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Thinking About France-Italy

July 6, 2006

The more I think about the Final this Sunday (if you have to ask “what Final?” then stop reading now), the more I think I’m going to have to stay neutral this time around. Here are my thoughts:

Les Bleus

  1. I love Zidane (or, j’aime Zizou) and his resurgence is inspiring. The fact that this will be his last game ever just adds to the glory of it all.
  2. J’ai etudie francais depuis un an, et ma femme et moi avons voyage a Paris pour notre vacances de mariage. J’aime Lille OSC aussi.
  3. I’m a sucker for the underdog, and with only 1 World Cup to their name – won on home soil – the French are still the upstart at this level. Let’s not forget the debacle of 2002 either.
  4. I wrote in Matchnight’s World Cup prediction piece that Thierry Henry would be the player to have the biggest impact for his team at this World Cup – and there’s a chance that prediction could come true. Heck, even Ribery managed to score a goal earlier this tournament, so you know the French must be doing something right offensively.

Forza Italia

  1. My wife’s family is Italian, and they’re led by the grandmother/matriarch of the family (one of the sweetest women you could ever hope to meet). Her house has a handful of Italian flags around it, and she can tell you all sorts of stories about the extended family in true Italian style. Plus, I’ve been threatened with “a trip to Youngstown” if I ever hurt Carole – so I’ve got that working against me.
  2. So far, the only team to score on Italy is, well, Italy. Under pressure from us Americans. It would be some source of comfort if they completed the shutout – and vindication for an American team that played them very tightly for the draw.
  3. For as much as I love the underdog, I also don’t like one team to dominate too much. Brazil, with 5 world titles, needs to be caught. Italy would move to 4 titles with a win, giving Brazil some company on the pedestal that so many people put them on.
  4. As a central defender, I don’t get as bothered by a defensive-oriented team – so catenaccio never really bothered me too much (sorry Jamie). There’s something about a ruthlessly efficient defense that I find inspiring, I guess. See #2 above.

So, those are some of my thoughts. I’d love to hear yours, so leave a comment if you like. Or at least vote in the poll.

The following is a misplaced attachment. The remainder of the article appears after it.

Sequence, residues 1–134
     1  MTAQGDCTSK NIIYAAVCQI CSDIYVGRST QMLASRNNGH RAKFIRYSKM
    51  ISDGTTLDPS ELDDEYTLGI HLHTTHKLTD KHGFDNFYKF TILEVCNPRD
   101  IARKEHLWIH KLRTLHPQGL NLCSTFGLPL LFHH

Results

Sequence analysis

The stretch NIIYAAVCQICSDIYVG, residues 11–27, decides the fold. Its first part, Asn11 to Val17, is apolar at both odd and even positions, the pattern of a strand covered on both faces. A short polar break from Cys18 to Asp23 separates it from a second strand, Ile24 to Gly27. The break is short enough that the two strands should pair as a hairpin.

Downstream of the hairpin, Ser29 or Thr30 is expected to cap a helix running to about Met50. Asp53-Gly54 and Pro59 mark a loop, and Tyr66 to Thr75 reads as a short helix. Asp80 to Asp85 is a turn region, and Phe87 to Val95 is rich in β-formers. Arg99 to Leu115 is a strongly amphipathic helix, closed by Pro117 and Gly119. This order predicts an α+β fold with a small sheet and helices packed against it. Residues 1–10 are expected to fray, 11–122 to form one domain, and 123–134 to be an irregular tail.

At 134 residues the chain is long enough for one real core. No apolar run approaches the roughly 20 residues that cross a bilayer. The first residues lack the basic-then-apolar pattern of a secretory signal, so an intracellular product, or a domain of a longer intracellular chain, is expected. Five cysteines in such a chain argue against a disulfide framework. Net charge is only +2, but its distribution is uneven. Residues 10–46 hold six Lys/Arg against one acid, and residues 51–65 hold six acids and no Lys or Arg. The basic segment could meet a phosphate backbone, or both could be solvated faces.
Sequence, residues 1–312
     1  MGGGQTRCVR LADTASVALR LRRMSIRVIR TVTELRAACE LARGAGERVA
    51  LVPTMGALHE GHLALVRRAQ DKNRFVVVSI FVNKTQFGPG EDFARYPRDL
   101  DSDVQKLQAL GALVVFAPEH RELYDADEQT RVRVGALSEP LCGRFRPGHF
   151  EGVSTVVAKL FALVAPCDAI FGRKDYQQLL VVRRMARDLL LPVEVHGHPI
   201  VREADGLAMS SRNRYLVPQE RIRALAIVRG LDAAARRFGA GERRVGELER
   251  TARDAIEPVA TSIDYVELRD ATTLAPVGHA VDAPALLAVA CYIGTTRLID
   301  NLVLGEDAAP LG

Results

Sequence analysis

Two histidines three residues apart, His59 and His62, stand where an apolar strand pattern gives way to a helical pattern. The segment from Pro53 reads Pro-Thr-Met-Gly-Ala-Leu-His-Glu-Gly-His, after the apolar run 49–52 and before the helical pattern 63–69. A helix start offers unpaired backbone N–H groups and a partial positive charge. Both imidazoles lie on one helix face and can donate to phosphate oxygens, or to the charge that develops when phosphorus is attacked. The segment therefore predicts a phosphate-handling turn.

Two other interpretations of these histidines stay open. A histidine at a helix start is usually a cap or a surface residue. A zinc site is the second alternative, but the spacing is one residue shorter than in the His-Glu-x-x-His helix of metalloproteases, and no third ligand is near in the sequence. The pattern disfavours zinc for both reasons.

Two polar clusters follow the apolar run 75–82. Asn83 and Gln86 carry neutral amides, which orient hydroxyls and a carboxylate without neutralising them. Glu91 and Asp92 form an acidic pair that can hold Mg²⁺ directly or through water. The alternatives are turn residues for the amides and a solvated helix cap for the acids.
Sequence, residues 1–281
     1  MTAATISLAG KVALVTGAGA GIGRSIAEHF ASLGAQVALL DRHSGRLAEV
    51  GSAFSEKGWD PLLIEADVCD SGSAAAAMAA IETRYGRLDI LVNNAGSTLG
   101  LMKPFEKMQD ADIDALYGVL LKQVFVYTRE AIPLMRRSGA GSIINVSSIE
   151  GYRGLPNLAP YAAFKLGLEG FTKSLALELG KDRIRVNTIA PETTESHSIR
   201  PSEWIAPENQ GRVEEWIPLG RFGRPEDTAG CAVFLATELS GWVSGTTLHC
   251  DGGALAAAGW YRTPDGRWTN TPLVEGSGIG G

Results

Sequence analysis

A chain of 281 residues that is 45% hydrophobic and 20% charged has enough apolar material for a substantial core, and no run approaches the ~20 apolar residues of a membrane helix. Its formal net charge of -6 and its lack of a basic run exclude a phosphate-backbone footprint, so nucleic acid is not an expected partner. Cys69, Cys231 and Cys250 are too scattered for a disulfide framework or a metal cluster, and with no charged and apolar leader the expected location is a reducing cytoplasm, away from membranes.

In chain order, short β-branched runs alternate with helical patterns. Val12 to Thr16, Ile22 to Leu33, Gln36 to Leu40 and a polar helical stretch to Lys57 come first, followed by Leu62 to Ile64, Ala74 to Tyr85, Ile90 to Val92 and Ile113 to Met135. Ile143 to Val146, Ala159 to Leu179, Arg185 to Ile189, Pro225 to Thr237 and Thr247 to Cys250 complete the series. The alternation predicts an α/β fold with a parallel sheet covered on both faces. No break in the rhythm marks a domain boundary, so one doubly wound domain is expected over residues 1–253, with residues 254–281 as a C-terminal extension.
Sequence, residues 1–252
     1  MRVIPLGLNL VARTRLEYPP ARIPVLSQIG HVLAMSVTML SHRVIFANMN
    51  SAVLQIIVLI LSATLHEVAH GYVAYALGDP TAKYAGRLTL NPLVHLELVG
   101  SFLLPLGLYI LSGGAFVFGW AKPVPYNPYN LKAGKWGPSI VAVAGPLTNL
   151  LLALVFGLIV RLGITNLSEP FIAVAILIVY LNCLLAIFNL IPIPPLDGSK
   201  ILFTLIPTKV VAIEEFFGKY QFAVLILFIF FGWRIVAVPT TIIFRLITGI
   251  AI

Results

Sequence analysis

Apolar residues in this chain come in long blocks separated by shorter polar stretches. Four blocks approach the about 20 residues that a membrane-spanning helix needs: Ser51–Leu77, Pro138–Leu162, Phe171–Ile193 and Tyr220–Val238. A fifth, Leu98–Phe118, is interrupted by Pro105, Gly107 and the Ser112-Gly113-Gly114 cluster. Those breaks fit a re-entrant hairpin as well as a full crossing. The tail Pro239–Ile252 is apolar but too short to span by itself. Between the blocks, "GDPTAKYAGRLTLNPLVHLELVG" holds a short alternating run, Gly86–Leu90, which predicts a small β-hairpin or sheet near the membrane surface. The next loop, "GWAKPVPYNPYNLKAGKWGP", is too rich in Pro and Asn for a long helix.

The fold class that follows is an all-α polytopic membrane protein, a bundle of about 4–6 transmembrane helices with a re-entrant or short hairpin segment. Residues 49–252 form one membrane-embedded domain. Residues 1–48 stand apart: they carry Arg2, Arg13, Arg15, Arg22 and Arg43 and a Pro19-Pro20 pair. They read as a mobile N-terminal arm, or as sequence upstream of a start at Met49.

One Comment leave one →
  1. Jamie permalink
    July 7, 2006 6:16 am

    For me, it comes down to one thing: clean play. The French, for the most part (as much as any team in international soccer can these days) have played cleanly and well. The Italians, as per usual, play in a system where diving is encouraged, dirty play simply means you’re trying harder, and embellishment is re-named “passion.” They’re almost as bad as the Mexicans. In fact, they are what Mexico might be if Mexico played in a more talented confederation than ours.

    I find it interesting that the one team that’s really given them trouble in this tournament, the Americans, is probably the one team that really didn’t have a good flow to their game to disrupt. We play a sort of catenaccio, I think – but without the bunkering. Our catenaccio is played in the midfield and even up to the front of the opponent’s net, where we pass around all day looking for that perfect shot and don’t feel the need to do things like shoot from outside or run at defenders.

    The one reason I’d possibly (remotely) cheer for Italy is to take that small bit of satisfaction that we played the World Champions the most tightly. But my love of attractive soccer outweighs that entirely. Honestly, the US doesn’t deserve to take any satisfaction from Germany 2006, and I would really hate to see the USSF try to do so with an Italy win.

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